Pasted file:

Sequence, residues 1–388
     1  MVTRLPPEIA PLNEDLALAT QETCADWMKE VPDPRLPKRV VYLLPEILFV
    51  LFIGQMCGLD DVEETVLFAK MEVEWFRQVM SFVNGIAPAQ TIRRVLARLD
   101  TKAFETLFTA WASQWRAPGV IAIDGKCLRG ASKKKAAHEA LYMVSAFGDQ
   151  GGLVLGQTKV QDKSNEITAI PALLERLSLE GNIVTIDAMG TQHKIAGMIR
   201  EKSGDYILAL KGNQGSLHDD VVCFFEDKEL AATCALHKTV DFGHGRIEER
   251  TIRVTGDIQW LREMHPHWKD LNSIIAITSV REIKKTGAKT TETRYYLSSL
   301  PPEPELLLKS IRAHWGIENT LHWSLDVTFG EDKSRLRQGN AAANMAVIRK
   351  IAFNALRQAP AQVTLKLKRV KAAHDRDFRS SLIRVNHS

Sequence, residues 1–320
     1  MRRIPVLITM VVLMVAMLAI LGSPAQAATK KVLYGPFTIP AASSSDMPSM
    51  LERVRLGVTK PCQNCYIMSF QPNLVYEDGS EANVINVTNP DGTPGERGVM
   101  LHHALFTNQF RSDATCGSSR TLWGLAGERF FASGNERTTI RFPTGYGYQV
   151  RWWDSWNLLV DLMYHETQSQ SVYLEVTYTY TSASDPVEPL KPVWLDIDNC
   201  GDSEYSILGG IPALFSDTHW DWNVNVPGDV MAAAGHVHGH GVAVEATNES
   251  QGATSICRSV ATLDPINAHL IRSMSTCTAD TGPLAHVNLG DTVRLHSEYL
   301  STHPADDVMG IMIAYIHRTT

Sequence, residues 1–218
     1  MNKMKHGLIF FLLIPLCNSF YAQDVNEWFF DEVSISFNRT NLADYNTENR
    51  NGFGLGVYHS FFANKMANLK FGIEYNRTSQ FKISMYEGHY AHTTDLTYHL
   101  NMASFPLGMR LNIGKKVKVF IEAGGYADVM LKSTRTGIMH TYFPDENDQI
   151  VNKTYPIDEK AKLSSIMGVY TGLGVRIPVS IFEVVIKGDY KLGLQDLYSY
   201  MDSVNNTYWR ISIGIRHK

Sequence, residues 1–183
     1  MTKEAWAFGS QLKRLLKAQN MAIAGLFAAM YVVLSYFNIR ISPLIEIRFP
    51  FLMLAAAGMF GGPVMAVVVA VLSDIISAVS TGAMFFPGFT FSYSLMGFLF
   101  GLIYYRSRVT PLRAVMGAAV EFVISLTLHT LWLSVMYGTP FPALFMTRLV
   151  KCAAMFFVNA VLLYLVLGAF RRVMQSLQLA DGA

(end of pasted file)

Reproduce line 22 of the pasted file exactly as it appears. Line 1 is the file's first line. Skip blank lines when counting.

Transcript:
   151  VNKTYPIDEK AKLSSIMGVY TGLGVRIPVS IFEVVIKGDY KLGLQDLYSY